1. Cut back on the Dome. Part of what made Stephen King’s original novel such a great read was that, at a certain point, King didn’t really care about the Dome at all. It was just a handy plot mechanic: A way to send a small town on a Lord of the Flies downward spiral. The book’s explanation of the Dome was basically a non-explanation: King was much more interested in establishing the citizens of Chester’s Mill. The TV show has gone the opposite route, establishing a whole assortment of Dome mythology. There’s a Mini-Dome! And it’s got an Egg! And the Dome speaks to people using visions! And also the Dome can induce early labor in pregnant women! All that Dome takes away valuable time from the inter-character drama. When season 2 starts, there should be a five-episode moratorium on Dome visions, Dome acts-of-god, and anyone saying some variation of the phrase “This is what the Dome wants!”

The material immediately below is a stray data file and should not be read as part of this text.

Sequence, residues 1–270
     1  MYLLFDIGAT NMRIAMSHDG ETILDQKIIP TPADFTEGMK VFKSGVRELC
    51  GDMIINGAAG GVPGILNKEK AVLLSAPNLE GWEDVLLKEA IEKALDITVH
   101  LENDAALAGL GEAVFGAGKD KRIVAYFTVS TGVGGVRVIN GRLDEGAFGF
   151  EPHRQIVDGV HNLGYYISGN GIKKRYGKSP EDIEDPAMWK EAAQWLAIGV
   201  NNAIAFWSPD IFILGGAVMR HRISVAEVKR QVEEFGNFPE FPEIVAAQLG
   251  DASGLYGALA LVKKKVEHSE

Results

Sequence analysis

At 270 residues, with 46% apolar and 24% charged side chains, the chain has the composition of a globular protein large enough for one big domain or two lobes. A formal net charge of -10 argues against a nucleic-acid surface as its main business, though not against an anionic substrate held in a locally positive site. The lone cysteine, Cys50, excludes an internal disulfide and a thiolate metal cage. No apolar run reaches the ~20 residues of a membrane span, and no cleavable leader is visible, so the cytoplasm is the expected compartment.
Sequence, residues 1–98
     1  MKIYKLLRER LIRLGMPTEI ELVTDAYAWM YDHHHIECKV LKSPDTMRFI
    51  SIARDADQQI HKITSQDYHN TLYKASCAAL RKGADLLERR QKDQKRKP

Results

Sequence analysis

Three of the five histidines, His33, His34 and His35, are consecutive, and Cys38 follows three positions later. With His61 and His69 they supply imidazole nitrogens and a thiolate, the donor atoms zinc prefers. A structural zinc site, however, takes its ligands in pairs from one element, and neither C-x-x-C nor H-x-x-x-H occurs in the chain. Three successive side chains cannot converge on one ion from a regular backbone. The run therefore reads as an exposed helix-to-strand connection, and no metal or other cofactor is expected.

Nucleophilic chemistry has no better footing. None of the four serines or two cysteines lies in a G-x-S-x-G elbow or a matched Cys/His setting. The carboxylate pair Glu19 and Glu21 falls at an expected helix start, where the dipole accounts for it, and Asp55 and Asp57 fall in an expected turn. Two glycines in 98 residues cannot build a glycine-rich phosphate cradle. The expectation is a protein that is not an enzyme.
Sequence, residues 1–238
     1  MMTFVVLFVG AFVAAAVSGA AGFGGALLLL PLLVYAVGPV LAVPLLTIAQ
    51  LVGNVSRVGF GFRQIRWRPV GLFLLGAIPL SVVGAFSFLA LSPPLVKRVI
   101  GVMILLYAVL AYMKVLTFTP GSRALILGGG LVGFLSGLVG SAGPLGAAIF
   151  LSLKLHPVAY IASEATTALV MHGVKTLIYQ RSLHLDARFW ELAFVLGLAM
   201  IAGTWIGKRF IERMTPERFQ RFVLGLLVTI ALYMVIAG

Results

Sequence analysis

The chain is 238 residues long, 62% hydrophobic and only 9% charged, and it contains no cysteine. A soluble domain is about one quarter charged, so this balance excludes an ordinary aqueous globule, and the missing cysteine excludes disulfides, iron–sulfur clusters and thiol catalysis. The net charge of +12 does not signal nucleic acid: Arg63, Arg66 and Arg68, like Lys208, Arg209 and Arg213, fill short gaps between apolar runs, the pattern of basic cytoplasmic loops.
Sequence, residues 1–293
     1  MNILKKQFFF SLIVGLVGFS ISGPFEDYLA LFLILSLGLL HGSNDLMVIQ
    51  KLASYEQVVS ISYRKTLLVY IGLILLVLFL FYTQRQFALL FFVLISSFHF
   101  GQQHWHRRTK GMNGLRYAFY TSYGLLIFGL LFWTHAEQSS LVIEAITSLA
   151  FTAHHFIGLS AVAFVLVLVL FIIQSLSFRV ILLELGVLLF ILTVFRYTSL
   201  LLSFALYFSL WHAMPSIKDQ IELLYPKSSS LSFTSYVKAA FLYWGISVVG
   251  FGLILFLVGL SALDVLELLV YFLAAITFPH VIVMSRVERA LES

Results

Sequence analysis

2. More Game of Thrones, less Lost. One of the main problems with Under the Dome is how quickly the lead characters have become a “gang”: At this point, it feels like everything important in Chester’s Mill happens to the same seven or eight people, who often run into each other walking down the street just in time for an exciting new plot point. This was basically the setup for the first season of Lost, which focused in on the most interesting/attractive survivors of Oceanic Flight 815 and quickly turned them into the Lead Gang of People, while various barely dressed extras hung out in the background. The problem is that Under the Dome thinks it’s Lost, when really, it should be Game of Thrones: A show about different factions of people warring over the same stretch of land in a bid for ultimate power. Imagine how much cooler Dome would be if Barbie and Big Jim were in charge of their own groups of people, with the other characters pulled in various directions and/or playing all sides against each other. The show has actually already engaged in an intriguing amount of world-building, establishing the geography of Chester’s Mill and playing off a historical rivalry between the farmers and the townspeople: Bringing those rivalries to the foreground would give the show more depth, and make it feel less like a Mission-of-the-Week structure. It would also help solve one of the show’s main problems…